Johnstons May 2013-6743-EditEric M. Johnston is a husband and father of five. His family goes back four generations in Madison and other parts of Wisconsin, though he went to high school and college in St. Paul, Minnesota, and now has more family in the Northeast than anywhere else. His wife is from Rhode Island and Connecticut.

Eric did his undergraduate education at Carleton College and then the University of St. Thomas, Minnesota, majoring in theology and the great flagship of Catholic Studies. There he was introduced to Bl. John Henry Newman, St. Thomas Aquinas, St. Augustine, and St. Thérèse, among others. He did his Master’s in Systematic Theology at Boston College, where he worked with Romanus Cessario, O.P., Fr. Matthew Lamb, and the great Franciscan medievalist Steve Brown – and where he met his wife. He then did his Ph.D. in medieval theology at the Catholic University of America, where he was much helped by the great scholar of Bonaventure and Francis, Regis Armstrong, O.F.M. Cap., but had his most formative experiences outside of the department, with Msgr. Robert Sokolowski and Kevin White in the great School of Philosophy, and liturgically at the Dominican House of Studies.

From Madison to St. Paul to Boston to Washington, Eric fell in love with cities, and he and his wife now own a home in the Ironbound district of Newark, NJ. Newark is rough, but there is much to love, including the presence of the CFR Franciscans.

In addition to theology and spirituality, Eric enjoys playing Bach on the piano, reading Evelyn Waugh, Flannery O’Connor, and Jane Austen, as well as European history, working on his house, and leisurely family walks in nearby New York City.

You may contact Eric at eric.m.johnston@gmail.com.


  1. Dear Professor Johnson
    I envy your graduate education. After leaving seminary which I attended through the diocese of Brooklyn for 10 years, up until 4th theology, the Spirit of Christ intervened and I was not called to the sub-deaconate. During the summer of 1956 I finally saw the actions of the faculty as a strong message from the Father so I did not return. I then went to the U of T in pursuit of a doctorate in Philosophy under Fr. Owens C.Ss.R. on the subject of Aristotle on Human. Cosmic, and Divine mind/nous.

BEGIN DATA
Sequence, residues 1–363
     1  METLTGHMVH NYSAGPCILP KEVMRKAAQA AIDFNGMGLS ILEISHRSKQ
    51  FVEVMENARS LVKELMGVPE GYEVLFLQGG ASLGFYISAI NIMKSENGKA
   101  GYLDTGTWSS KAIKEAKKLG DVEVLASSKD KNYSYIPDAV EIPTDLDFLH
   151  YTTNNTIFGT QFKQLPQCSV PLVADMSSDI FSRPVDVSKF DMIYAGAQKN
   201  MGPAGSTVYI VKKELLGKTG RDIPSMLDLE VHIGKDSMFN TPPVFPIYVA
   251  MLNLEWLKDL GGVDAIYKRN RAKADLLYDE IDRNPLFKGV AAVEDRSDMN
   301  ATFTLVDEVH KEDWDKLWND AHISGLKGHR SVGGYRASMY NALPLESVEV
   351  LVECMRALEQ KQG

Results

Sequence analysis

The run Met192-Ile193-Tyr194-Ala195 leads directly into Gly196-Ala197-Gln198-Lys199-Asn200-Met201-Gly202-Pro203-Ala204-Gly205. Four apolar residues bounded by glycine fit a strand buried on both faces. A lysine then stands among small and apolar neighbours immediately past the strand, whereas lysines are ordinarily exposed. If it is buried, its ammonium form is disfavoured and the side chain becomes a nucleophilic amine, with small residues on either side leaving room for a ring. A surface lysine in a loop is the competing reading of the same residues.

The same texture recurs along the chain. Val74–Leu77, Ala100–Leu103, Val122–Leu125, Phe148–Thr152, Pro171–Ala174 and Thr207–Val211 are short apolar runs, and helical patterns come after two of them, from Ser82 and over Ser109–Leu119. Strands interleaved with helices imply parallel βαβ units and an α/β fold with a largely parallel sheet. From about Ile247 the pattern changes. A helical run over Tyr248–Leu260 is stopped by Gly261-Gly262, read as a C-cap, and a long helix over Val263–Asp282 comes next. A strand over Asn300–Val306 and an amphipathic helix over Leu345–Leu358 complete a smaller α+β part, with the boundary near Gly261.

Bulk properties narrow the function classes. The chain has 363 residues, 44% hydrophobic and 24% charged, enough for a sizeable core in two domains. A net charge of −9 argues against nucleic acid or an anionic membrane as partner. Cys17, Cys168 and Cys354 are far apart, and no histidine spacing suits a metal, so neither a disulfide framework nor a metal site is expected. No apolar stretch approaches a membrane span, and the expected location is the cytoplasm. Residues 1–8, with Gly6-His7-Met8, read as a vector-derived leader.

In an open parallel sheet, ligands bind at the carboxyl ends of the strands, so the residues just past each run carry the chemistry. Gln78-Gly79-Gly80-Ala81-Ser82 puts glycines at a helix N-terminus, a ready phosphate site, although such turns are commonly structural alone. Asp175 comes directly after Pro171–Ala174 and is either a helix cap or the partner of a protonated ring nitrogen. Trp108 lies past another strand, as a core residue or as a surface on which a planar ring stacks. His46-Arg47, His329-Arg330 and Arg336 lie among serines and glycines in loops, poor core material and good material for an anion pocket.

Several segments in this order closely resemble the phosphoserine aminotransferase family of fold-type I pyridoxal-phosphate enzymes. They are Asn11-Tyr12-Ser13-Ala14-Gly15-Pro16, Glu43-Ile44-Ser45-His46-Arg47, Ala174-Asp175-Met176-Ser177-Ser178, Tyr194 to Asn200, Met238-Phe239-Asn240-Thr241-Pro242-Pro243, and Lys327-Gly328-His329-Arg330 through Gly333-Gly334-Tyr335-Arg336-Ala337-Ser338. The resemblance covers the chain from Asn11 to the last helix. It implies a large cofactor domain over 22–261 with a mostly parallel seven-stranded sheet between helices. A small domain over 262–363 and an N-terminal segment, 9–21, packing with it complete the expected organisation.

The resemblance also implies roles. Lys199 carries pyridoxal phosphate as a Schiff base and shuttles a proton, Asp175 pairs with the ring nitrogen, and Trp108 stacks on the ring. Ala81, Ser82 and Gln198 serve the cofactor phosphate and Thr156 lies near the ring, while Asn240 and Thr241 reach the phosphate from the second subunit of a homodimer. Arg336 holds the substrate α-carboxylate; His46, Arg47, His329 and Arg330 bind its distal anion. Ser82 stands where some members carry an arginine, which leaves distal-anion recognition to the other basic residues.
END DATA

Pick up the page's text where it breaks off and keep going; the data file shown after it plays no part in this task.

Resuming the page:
Outwardly all seemed fine, I married and had three children but my prayer life was lifeless. In the words of SS I was hard-hearted, all mind and no heart. I never noticed how often God and Jesus refer to the heart. My prayer was simply reading or saying the text, many times at great length but as I later realized not from the heart.
    The change came about beginning two years ago when I found myself blowing up almost once every few weeks about the inadequacy of my wife’s efforts to stabilize our marriage. She was a recent convert but poorly catechized and she would not allow me to teach her through the many books I purchased to help her. One day she suggested we read “Give Us This Day” in the morning and I would comment on the prayers usually the Psalms as well as SS. After reading St. Therese of Liseaux and St. Faustina I wanted to follow the little way. Very soon we began to ‘feel’, ‘sense’, ‘be aware’ of quite nudges in the direction of understanding and practicing guarding our tongues as well as actually praying the Divine Office, and the Rosary.
    I am always on the lookout for solid spiritual writing and you fill the bill. By the way I caught polio as an infant and spent 5 years in a residential hospital on Long Island under the care of Daughters of Wisdom. I came home just before my eighth birthday. I suspect the years of separation from my family was damaging although well intentioned.
    I derive so much joy and wisdom from your comments, I especially liked your comments on he submission issue in “Ephesians”. In our discussions in the morning we agreed that a better translation would be “wives support your husband” and dissolved any hangover from the submit translation. Thank you for your work and please continue, you are on a great mission.
    John R. Catan
    Professor Emeritus
    State University of New York at Brockport

    • And John – let me finally, on the first day of a new year, respond to this beautiful comment. It moved me when my wife read it aloud to me in the car last summer. But I haven’t done a good job of responding to comments.

      Anyway: thank you again for your faithfulness,

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